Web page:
Gregorius Nekschot is no more.
According to the cartoonist arriving at the decision to stop was a gradual process. His web shop is losing money and he receives too little commissions to keep the website going. On top of that his publisher didn’t see any profitability in publishing a new book.
Gregorius Nekschot is, of course, known world-wide for the quite scandalous decision by then-minister of Justice, Ernst Hirsch-Ballin, to arrest the cartoonist over eight ‘illegal’ cartoons (the ‘Nekschot Eight’ can be viewed here in a report by Ferdy of the arrest).
In the Volkskrant interview Nekschot describes himself as ‘change’ in the Fitna affair.
Nekschot calls Hirsch-Ballin a religious nut, who views his faith as the measure of all things. Combating Wilders was an obsession to the CDA politician, in the wake of which he aimed for Gregorius Nekschot, who ridiculed religion. Nekschot sees himself as change in the Fitna affair; Should the government be unsuccessful to stop Fitna, they could always fall back on Nekschot and his cartoons.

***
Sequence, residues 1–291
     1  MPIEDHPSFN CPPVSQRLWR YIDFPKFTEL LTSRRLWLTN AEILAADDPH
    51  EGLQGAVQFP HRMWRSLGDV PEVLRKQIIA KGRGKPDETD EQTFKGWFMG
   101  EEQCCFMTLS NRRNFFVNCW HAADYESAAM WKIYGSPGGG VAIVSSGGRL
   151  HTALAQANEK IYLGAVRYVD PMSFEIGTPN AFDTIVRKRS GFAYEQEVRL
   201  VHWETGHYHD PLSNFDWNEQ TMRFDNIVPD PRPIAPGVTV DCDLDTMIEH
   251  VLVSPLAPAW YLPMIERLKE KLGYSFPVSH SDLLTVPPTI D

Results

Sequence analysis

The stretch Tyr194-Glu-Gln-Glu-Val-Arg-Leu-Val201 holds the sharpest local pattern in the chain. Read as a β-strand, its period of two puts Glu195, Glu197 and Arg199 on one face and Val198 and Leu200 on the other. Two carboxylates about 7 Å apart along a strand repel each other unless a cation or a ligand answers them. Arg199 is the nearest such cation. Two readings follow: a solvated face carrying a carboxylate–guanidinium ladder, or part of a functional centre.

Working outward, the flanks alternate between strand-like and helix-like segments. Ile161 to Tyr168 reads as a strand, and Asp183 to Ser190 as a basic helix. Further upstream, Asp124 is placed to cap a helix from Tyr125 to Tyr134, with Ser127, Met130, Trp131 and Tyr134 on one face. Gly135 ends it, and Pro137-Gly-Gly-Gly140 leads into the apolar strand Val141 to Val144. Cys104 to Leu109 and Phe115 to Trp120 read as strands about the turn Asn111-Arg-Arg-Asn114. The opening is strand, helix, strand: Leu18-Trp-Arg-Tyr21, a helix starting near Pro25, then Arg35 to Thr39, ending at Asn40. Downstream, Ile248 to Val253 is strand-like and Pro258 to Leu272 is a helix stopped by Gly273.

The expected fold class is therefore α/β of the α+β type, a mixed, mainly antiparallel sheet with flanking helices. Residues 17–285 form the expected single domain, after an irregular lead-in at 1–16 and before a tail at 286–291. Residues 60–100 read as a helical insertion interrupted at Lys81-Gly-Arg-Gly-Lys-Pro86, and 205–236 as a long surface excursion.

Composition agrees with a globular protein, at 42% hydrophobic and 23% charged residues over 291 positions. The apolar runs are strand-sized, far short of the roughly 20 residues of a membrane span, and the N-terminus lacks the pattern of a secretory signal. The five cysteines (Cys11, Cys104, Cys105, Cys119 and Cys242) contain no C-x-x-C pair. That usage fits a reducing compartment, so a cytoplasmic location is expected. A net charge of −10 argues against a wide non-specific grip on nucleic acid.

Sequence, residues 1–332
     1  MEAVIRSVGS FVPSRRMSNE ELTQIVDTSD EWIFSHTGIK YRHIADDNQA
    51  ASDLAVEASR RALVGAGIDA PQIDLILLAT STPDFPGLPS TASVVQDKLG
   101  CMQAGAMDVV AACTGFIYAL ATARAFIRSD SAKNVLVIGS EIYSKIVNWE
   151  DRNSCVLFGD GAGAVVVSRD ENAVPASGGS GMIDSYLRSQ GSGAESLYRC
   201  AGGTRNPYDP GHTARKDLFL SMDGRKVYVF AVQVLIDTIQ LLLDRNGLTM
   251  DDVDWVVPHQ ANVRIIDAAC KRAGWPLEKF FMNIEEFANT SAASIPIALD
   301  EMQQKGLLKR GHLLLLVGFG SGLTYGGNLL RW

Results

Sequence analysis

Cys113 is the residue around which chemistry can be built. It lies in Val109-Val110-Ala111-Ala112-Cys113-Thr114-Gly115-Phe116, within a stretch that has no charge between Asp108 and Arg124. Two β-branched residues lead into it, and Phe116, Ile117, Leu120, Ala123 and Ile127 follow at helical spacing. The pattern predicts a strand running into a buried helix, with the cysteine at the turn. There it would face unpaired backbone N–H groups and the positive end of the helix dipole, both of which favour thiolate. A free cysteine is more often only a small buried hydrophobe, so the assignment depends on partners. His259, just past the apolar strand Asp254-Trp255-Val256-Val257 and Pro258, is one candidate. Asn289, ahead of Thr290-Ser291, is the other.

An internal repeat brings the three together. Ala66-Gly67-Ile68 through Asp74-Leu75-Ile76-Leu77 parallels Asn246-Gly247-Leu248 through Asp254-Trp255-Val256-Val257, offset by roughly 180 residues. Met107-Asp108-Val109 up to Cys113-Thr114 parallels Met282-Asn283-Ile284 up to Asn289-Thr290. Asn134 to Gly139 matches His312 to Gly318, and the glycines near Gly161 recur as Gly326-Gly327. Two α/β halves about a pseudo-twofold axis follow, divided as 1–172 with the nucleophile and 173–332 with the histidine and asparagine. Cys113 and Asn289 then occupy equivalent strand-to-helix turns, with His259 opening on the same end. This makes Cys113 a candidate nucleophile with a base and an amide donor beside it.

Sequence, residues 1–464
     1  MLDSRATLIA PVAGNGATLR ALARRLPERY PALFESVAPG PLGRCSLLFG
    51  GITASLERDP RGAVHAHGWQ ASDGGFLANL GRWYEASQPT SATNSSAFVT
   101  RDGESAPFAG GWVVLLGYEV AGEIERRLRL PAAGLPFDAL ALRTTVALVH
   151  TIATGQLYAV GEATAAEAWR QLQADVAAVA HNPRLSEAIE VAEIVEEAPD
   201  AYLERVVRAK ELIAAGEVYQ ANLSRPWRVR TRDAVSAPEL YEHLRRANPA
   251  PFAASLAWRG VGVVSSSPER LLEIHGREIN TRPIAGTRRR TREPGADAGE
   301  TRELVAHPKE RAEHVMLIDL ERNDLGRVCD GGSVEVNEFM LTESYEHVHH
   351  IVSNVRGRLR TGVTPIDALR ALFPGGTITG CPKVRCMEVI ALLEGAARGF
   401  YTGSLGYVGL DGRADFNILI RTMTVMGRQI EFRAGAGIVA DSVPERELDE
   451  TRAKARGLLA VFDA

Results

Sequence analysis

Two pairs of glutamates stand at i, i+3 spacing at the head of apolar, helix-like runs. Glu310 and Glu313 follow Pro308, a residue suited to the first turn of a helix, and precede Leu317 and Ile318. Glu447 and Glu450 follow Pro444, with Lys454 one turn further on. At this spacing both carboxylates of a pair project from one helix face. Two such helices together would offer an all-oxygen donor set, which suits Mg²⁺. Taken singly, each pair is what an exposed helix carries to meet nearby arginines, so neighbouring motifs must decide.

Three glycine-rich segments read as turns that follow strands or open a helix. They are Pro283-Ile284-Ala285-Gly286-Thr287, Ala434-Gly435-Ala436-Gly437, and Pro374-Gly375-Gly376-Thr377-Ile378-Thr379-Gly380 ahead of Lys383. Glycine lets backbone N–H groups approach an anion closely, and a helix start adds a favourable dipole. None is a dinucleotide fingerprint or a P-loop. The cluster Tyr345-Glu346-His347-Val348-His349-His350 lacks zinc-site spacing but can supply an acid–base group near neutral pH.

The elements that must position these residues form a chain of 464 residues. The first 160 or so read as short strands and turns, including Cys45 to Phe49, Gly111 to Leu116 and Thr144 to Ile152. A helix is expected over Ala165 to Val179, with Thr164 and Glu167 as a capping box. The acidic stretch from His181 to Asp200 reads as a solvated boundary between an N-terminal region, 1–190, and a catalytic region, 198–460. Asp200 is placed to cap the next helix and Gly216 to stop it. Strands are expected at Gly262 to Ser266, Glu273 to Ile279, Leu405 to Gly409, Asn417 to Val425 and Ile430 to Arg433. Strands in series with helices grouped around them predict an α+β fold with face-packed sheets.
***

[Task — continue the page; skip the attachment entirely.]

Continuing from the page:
And that is what happened. His arrest was shelved, as it were, in case of need. that is why it took three years before they lifted him of his bed.
You should always be conscious of the fact that you may be a pawn in a larger game, he says softly.
It isn’t all sadness, according to Nekschot. All in all he says he’s thankful he escaped unharmed. Something which cannot be said about his Danish colleague Kurt Westergaard. He can be himself again, without the need for secrecy in his personal life. He will not have to be afraid for his identity coming out and being targeted any more. It is the end of fear.
But therein does lie the tragedy of the Netherlands in this, the 21st century: Theo van Gogh was murdered, Geert Wilders was prosecuted, Nekschot arrested, interrogated for thirty hours (for 8 cartoons, FFS!) and now he’s quit. It is safe to say that ridiculing islam and its band of backward, loud-mouth followers is about over in the Netherlands.